You’ll need to sex out the seeds once their reproductive organs show during the flowering phase and discard the males—because they don’t produce buds and will pollenate females, resulting in seeded bud.

What are feminized cannabis seeds?

Seeds can come feminized, meaning you can just put them in soil and start growing for buds. These seeds are guaranteed to be bud-producing females and growing them cuts out the step of having to sex out plants and discard the males.

It also reduces the risk of having a stray male sneak into your crop—just one male can pollinate a huge crop, causing your females to focus their energies on producing seeds instead of buds.

What are autoflower cannabis seeds?

Autoflower plants change from the vegetative to flowering state with age, not the changing of their light cycle. They have a short grow-to-harvest time and can be ready to harvest in as little as 2 ½ to 3 months from when you put the seeds in the ground.

The downside is that, typically, they are less potent, but autoflower seeds are great for people who want to grow cannabis but don’t want to spend a lot of time doing it.

How much do marijuana seeds cost?

Cannabis seeds usually come in a pack of 10 or 12 seeds and start at around $40 a pack and go up from there. Some high-end genetics can run between $200 to $500 a pack.

Feminized and autoflower seeds will cost more because more breeding work was put in to create them, and they take less time for the grower to get buds.

How many cannabis seeds should I buy? Are they all going to survive?

When you grow any amount of seeds, a percentage of them won’t germinate, even if you get them from a reputable breeder. Always count on a few not germinating or dying off, or roughly 1/4 of the total you put in the ground.

When growing regular seeds, some won’t germinate and some will have to be discarded because they’ll turn out to be males. With feminized seeds, some won’t germinate, but a higher percentage of them will turn into flowering plants because there won’t be any males.

If you want six total cannabis plants to harvest for buds and are growing from regular seeds, start with about 9 or 10 seeds. Some won’t germinate and some will turn out to be males, and then you’ll want to discard down to the six best phenotypes.

If growing feminized seeds, you can probably start with a couple more seeds, 7 or 8. A couple won’t germinate, and then discard down to the six best phenotypes.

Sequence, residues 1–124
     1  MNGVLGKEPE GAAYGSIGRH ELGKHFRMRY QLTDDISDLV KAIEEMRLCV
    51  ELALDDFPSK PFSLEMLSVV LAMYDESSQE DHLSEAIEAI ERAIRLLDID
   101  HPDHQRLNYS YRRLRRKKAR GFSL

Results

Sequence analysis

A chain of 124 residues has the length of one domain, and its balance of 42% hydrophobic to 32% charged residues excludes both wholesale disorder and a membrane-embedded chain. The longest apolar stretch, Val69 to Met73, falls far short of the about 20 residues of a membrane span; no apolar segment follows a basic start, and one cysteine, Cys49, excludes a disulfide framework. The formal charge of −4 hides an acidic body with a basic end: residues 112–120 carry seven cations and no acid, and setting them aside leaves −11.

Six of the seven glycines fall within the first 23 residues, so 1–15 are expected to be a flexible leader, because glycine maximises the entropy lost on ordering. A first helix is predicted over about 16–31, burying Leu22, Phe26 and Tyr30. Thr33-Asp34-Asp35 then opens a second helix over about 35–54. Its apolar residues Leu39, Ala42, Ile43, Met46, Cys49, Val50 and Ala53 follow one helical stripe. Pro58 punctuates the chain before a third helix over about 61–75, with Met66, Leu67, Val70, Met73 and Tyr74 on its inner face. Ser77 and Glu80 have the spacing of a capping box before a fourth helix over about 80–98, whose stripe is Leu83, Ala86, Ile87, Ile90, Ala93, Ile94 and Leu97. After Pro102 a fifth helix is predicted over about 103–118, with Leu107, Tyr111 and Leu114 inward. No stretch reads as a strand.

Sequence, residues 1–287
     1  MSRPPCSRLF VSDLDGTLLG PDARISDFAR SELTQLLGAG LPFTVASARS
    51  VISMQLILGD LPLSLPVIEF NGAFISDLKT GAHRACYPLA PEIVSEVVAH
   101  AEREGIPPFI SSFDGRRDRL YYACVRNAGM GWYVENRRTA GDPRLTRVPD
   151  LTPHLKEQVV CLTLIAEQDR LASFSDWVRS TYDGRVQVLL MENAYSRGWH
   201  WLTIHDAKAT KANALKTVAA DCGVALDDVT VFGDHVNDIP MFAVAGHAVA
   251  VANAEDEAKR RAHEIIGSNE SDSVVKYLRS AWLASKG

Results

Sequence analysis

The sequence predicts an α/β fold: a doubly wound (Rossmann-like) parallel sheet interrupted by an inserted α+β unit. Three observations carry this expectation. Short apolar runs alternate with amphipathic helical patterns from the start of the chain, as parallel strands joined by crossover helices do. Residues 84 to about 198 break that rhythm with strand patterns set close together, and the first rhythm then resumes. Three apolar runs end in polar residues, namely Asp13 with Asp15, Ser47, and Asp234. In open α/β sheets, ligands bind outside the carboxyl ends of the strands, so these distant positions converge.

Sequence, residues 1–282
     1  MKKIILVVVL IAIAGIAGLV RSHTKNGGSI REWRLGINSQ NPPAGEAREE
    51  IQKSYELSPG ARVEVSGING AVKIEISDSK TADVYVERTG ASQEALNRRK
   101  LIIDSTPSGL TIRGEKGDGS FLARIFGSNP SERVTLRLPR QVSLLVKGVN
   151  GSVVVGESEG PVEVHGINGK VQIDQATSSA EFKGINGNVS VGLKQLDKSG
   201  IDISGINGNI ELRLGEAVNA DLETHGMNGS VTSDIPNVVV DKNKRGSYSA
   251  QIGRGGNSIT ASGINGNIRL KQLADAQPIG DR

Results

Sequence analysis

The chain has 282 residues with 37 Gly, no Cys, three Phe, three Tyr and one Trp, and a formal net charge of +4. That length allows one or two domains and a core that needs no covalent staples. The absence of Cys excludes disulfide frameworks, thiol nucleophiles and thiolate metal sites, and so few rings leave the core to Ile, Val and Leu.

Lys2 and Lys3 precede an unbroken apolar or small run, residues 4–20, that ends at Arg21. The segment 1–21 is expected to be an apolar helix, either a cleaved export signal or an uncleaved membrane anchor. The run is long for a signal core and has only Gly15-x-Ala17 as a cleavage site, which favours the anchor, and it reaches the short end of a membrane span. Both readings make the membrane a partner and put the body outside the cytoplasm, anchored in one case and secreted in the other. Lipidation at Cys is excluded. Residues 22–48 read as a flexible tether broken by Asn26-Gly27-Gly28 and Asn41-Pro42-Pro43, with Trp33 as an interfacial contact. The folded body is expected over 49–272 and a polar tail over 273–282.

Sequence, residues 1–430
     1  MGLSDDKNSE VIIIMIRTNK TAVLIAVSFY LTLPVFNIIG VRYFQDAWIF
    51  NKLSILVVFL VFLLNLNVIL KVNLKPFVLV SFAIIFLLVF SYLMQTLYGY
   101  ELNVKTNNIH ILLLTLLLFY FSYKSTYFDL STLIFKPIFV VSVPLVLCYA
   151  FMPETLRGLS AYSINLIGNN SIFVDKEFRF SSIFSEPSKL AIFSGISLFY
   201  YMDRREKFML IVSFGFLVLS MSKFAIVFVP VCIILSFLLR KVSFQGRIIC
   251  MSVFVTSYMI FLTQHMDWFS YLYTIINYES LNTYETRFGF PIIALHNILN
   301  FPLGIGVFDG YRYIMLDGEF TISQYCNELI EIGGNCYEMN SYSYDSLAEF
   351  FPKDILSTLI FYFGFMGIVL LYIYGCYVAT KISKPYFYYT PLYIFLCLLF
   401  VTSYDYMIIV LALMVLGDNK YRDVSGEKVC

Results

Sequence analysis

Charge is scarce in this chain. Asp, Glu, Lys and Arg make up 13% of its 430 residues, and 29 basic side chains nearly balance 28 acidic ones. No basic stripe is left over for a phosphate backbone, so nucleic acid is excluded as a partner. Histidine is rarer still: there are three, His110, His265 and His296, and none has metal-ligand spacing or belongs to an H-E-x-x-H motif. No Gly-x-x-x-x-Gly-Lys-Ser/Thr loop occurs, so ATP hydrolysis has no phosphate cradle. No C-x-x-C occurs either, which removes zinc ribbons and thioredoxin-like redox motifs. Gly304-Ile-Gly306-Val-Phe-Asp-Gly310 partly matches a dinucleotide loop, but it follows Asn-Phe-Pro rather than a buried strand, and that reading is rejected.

Make sure to always stay within your state’s legal limit of growing plants.

How do I buy strain-specific cannabis seeds?

Strains like Blue Dream, Gelato, and Original Glue have gained in popularity in recent years. Check out these resources on how to buy these types of cannabis seeds:

Cannabis seed buying FAQ

What is the difference between male and female marijuana seeds?

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Gender in a cannabis plant can’t be determined from looking at the seed; the seed has to sprout and mature in order to determine the sex of a plant. Only females produce buds, whereas male plants produce pollen.

Why do you have to germinate seeds first?

Germination is the first essential phase of a cannabis plant’s life, when it first sprouts and grows leaves. Growers looking to bypass seeds and germination can start from a cannabis clone.

What’s the best way to store cannabis seeds?

Store seeds in a dry, airtight container, so moisture can’t get in. If storing for a long time, keep them in a fridge or freezer.

Will customs confiscate my cannabis seeds?

Despite the DEA’s letter from April 2022, cannabis seeds are technically still illegal and will be confiscated if found on a person or in the mail.

What does the appearance of a cannabis seed indicate?

Can the visual appearance of a cannabis seed indicate anything useful about the future plant which it will produce? It’s a question which has been asked by many cannabis growers. And over the years there have been many different theories about this.

Cannabis seed weight. What does the weight of a cannabis seed indicate?

Dutch Passion created feminized seeds in the 1990’s. It was a revolution for cannabis growers. But in the days before feminized seeds, some people felt that ‘male’ and ‘female’ seeds could be separated according to their weight, appearance, size, shape etc. The idea behind this unproven theory was that cannabis seeds all had different sizes and shapes for a reason. One of the first difficulties with the theory is that different marijuana seed varieties often produce different size seeds. White Widow seeds, for example, can often look smaller than other varieties. And yet they produce excellent quality harvests. Seed size has no relationship to potency. The future sex of a cannabis plant simply can’t be determined by the weight or size of the cannabis seed. If it were that easy the seed companies wouldn’t spend as much time and effort to create feminized seeds.

Feminized seeds vs autoflowering seeds. Do they look different?

Every so often a home grower will accidentally mix up their seeds. Often this is done after a smoke/vape, perhaps when you are getting the cannabis seeds ready for germination. If you have ever mixed up your seeds it can feel impossible to be confident about their true identity. There is no certain way to distinguish between feminized seeds and autoflower seeds just by looking at them. The plants real future identity lies in the DNA inside the cells within the seed.

Stripes on cannabis seeds. What do they indicate?